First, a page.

by Carson Ellis
School Library Journal PreS-Gr 3-Using intricate illustrations supported by spare dialogue in an invented language, Ellis elegantly weaves the tale of several square feet of ground in the insect world as the seasons pass. Multiple story lines intersect: a mysterious plant bursting from the soil, the rise and fall of a spectacular fort, and a caterpillar's quiet then triumphant metamorphosis into a shimmering moth. The illustrations demand to be pored over, with exquisite attention to detail, from the extravagantly dressed anthropomorphized insects in top hats to the decor of Icky the pill bug's tree-stump home. Much of the book's action occurs on the lower halves of the pages, the ample white space emphasizing the small world of the critters. As the flower and fort grow together and larger animals come into play, the illustrations take up more vertical space until the climax, when the plant blooms and is revealed to be a "gladenboot" (flower) and all of the insects come out to rejoice. As the weather cools, readers are treated to a delightful nighttime spread of the moth finally emerging and flying to a cricket's tune as the decayed flower's seeds dance all around. Though this could nearly work as a wordless book, the invented, sometimes alienlike language seemingly contains real syntax and offers readers the opportunity to puzzle over the meanings of the words and tell the story using their own interpretations. VERDICT This is a title that calls for multiple readings, as there is something new to be discovered each time. Perfect for one-on-one or small group sharing.-Clara Hendricks, Cambridge Public Library, MA © Copyright 2016. Library Journals LLC, a wholly owned subsidiary of Media Source, Inc. No redistribution permitted.
(c) Copyright Library Journals LLC, a wholly owned subsidiary of Media Source, Inc. No redistribution permitted.
Publishers Weekly Ellis's (Home) bewitching creation stars a lively company of insects who speak a language unrelated to English, and working out what they are saying is one of the story's delights. In the first spread, two slender, elegantly winged creatures stand over a green shoot. "Du iz tak?" says the first, pointing. The other puts a hand to its mouth in puzzlement. "Ma nazoot," it says. The insects marvel at the plant as it grows, build a fort in it (complete with pirate flag), exclaim as it produces a spectacular flower ("Unk scrivadelly gladdenboot!"), then disappear one by one, like actors exiting the stage. Observant readers will notice other changes over the course of the seasons: a fabulously hairy caterpillar spins a cocoon on a dead log, the log opens to reveal a cozy dwelling, and what looks like a twig atop the log is not a twig at all. Ellis renders the insects with exquisite, baroque precision, outfitting them with hats, eyeglasses, and tweed jackets; in a romantic interlude one serenades another with a violin. Generous expanses of cream-colored empty space emphasize the smallness and fragility of these living beings, who move busily along the forest floor at the bottom edge of the pages. Very gently, Ellis suggests that humans have no idea what wonders are unfolding at their feet-and that what takes place in the lives of insects is not so different from their own. Has there ever been anything quite like it? Ma nazoot. Ages 4-8. Agent: Steven Malk, Writers House. (Oct.) © Copyright PWxyz, LLC. All rights reserved.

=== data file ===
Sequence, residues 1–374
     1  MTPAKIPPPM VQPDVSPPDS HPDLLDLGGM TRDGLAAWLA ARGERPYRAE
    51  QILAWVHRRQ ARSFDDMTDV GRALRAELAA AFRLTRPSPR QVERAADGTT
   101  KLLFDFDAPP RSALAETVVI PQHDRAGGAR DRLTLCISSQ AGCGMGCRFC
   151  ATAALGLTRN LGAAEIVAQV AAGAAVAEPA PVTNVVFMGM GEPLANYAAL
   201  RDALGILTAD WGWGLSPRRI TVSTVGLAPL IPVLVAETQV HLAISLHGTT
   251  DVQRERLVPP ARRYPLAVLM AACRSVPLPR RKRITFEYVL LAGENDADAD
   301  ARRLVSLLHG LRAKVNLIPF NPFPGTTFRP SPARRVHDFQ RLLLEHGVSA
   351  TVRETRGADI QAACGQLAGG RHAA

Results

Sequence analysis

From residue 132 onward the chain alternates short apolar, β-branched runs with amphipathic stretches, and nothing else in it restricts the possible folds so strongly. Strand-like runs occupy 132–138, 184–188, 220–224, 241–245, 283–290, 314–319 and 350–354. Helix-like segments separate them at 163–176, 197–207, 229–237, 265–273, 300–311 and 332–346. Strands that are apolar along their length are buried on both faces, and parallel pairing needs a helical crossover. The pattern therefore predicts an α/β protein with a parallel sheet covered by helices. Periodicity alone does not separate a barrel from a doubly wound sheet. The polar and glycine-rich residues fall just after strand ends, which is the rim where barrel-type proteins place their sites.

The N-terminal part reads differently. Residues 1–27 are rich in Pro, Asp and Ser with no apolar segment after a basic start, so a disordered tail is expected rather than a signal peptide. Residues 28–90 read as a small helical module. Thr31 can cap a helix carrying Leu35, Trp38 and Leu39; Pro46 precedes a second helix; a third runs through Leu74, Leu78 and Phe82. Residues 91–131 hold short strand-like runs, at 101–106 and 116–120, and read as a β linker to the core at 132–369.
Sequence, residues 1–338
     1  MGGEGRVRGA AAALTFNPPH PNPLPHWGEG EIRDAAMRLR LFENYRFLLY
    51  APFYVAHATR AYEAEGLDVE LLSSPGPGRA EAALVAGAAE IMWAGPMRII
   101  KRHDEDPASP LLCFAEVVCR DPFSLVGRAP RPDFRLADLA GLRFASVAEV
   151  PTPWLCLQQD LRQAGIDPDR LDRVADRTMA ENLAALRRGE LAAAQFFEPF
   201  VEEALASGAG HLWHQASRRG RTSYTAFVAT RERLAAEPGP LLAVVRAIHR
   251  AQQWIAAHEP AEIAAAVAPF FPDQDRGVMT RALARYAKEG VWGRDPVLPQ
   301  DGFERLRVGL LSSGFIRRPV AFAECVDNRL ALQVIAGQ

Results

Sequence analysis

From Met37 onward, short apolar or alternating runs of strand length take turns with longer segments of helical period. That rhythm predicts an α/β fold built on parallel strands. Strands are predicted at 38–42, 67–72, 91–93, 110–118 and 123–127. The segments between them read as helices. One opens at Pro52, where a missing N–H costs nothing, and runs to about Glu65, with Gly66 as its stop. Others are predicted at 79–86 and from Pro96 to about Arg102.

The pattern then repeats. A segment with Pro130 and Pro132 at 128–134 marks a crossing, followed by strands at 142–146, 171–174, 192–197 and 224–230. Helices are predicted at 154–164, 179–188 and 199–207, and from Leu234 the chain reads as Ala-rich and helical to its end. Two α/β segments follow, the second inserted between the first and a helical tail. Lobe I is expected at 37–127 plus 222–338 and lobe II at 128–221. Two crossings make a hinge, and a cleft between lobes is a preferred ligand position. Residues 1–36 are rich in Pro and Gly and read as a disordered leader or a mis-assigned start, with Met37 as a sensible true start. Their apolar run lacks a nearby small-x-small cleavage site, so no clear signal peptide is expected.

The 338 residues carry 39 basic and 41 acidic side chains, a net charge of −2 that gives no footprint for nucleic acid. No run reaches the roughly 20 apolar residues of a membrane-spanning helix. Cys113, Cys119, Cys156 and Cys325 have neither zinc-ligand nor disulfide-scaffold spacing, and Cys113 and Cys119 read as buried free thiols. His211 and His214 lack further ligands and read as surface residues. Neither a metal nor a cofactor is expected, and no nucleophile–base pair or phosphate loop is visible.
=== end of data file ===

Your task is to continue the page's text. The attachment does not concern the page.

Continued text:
(c) Copyright PWxyz, LLC. All rights reserved
Book list *Starred Review* Ellis (Home, 2015) elevates gibberish to an art form with her brilliant account of a few bugs who discover a green shoot sprouting from the ground. Du iz tak? a dapper wasp asks upon seeing it. Ma nazoot, comes the puzzled reply. Next, three beetles come across the young plant, which has grown a little higher, and the question goes around again, Du iz tak? This time, they go to a nearby log to borrow a ribble (ladder) from Icky the pill bug so that they can sit on its highest leaves. The bugs' curiosity and excitement grows along with the plant, which eventually blossoms into a magenta flower. Soon the bugs have built a magnificent furt among its leaves, complete with a rope swing and pirate flag. Eventually, colder weather moves in (evidenced in the sweaters and hats the beetles don), the flower wilts, and the bugs bid their furt adieu. Readers and prereaders alike will find myriad visual cues in Ellis' splendid folk-style gouache-and-ink illustrations that will allow them to draw meaning from the nonsensical dialogue, as well as observe the subtle changing of the seasons. The entire story unfolds on the same small stretch of ground, where each new detail is integral to the scene at hand. Effortlessly working on many levels, Ellis' newest is outstanding.--Smith, Julia Copyright 2016 Booklist
From Booklist, Copyright © American Library Association. Used with permission.